Erysipelas is a dermatological disorder caused by bacterial infection. The infection usually involves the epidermal layers of the face or leg and manifests as a well-defined, elevated, painful and erythematous skin lesion. Causative bacteria are mainly members of the Streptococcus family. Antibiotic treatment and in severe cases surgical debridement are required for a recovery. The probability of erysipelas recurrence is up to twenty percent.
Erysipelas occurs when bacteria invade the epidermis as a consequence of skin lesions. Patients with eczema or patients who engage in strong physical activities as well as patients with a weakened or systemically impaired immune system are at an increased risk of developing erysipelas. Children younger than six and seniors older than sixty are mostly affected by erysipelas. Furthermore, patients with a history of drug use also face an increased erysipelas risk because of regular injections. Possible other causes for erysipelas include skin ulcers, surgical incisions, insect bites, psoriasis, and edema feet secondary to cardiac insufficiency and diabetes  .
Erysipelas has been shown to be caused by an infection with the following bacteria: group A / C / D streptococci, Klebsiella pneumonia, Haemophilus influenza, Escherichia coli, and Moraxella. Notably, methicillin-resistant Staphylococcus aureus has also been found in the context of erysipelas  .
Typical symptoms of erysipelas are a large, elevated, painful erythematous skin patch with sharp borders, blisters, swollen glands, fever, chills and general malaise. Most facial infections are attributed to group A streptococci and usually affect both cheeks and the nose. Erysipelas can also occur after a throat infection with subsequent bacterial migration to the nasal passages .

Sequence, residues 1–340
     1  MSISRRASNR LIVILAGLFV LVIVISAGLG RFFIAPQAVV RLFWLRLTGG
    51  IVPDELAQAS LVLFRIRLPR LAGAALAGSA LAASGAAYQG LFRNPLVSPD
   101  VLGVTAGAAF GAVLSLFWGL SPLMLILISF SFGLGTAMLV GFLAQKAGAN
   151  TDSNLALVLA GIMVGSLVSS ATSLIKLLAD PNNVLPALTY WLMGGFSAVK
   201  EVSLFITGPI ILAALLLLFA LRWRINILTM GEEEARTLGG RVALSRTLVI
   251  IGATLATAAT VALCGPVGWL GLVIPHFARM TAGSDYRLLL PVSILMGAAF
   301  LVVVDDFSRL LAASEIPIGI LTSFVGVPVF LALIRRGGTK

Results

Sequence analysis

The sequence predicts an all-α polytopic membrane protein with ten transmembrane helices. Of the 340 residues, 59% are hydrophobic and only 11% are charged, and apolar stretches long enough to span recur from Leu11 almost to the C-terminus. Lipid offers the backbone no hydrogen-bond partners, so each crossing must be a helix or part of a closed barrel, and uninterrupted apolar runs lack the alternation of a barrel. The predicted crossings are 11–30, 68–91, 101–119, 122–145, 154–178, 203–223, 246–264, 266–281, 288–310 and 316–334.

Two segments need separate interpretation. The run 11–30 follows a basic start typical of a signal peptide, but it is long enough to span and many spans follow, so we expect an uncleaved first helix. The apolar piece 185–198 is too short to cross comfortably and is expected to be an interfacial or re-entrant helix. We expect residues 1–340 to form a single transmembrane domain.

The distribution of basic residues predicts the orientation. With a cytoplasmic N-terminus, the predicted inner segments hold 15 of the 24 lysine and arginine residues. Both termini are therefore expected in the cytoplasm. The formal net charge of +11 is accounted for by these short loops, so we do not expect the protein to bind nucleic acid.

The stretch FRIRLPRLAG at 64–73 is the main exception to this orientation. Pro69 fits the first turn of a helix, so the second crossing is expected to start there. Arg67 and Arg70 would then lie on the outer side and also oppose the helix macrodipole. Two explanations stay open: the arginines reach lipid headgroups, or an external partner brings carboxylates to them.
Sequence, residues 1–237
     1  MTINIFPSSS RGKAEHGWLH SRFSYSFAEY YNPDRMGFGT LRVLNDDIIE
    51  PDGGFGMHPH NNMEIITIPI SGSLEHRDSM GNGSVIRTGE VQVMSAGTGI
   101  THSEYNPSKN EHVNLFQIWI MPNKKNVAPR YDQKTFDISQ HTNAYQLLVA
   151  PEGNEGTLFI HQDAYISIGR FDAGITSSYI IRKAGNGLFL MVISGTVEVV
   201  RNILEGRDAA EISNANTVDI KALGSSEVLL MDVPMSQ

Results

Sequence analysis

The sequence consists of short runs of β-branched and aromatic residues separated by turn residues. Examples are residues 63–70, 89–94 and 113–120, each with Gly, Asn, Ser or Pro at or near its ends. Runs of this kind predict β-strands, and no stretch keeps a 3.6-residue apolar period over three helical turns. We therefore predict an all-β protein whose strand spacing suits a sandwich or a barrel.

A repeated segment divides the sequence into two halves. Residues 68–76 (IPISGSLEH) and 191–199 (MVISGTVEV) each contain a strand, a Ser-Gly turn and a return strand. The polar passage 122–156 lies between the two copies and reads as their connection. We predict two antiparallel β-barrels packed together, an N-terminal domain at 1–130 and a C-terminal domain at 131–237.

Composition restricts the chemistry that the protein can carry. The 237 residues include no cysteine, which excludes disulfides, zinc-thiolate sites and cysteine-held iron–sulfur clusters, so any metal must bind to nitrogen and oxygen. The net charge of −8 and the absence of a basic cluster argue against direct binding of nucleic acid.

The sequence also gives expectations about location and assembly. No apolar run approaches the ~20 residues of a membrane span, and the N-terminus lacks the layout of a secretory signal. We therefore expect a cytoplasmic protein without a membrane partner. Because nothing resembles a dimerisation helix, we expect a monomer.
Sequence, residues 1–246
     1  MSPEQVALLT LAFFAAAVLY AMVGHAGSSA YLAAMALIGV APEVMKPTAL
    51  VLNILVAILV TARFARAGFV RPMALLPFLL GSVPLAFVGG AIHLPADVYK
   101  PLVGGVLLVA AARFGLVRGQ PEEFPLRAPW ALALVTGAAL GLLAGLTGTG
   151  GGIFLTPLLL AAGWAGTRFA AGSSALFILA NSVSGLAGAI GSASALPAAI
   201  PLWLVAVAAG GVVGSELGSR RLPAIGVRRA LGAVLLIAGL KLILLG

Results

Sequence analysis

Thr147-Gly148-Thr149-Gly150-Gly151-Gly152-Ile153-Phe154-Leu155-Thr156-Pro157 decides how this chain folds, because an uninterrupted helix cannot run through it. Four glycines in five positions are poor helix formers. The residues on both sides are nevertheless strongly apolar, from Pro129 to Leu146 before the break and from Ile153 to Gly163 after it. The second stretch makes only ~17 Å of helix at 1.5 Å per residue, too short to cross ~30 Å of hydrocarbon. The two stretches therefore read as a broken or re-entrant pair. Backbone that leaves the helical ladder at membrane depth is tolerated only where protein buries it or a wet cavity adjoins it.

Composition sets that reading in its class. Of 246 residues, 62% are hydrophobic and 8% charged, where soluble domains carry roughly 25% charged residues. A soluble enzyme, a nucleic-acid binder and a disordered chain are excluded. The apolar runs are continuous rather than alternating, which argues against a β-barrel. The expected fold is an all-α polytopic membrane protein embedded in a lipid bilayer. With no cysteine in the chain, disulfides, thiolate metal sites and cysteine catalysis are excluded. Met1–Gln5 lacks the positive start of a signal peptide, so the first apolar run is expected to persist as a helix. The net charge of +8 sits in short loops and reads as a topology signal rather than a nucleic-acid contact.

The most common complications of erysipelas include abscess, gangrene, and thrombophlebitis. In selected cases, acute glomerulonephritis, endocarditis, septicemia, and streptococcal toxic shock syndrome may occur. Osteoarticular complications may present as bursitis, osteitis, arthritis, and tendinitis  .
Classical erysipelas usually does not require elaborate diagnostic workup. However, it is important to distinguish erysipelas from a symptomatically similar type of cellulitis, which does not present with sharp borders with inflammation.
Erysipelas diagnosis is based on a clinical examination of the affected area and an analysis of the patient history. In selected cases, routine blood analysis may be ordered, which commonly reveals an increased erythrocyte sedimentation rate and C-reactive proteins. Standard imaging techniques are usually not necessary for the diagnosis  .
Bacterial cultures extracted from the infected tissue rarely yield satisfying results. Histological characteristics are dermal edema, vascular dilatation and streptococcal invasion of lymphatics and tissues resulting in an increased presence of neutrophils and mononuclear cells. Bacteria may also infiltrate proximal blood vessels .
Surgical removal of erysipelas may be necessary if the infection has led to tissue necrosis. Recurrent erysipelas may occur in around 20% of the patients  with potentially disabling disfigurements (e.g. elephantiasis nostras verrucosa).